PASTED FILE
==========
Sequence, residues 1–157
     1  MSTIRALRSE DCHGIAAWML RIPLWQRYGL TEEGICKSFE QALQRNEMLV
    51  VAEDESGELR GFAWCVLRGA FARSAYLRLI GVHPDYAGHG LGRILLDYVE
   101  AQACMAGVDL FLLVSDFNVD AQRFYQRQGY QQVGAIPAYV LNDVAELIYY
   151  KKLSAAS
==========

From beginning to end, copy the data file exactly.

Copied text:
Sequence, residues 1–157
     1  MSTIRALRSE DCHGIAAWML RIPLWQRYGL TEEGICKSFE QALQRNEMLV
    51  VAEDESGELR GFAWCVLRGA FARSAYLRLI GVHPDYAGHG LGRILLDYVE
   101  AQACMAGVDL FLLVSDFNVD AQRFYQRQGY QQVGAIPAYV LNDVAELIYY
   151  KKLSAAS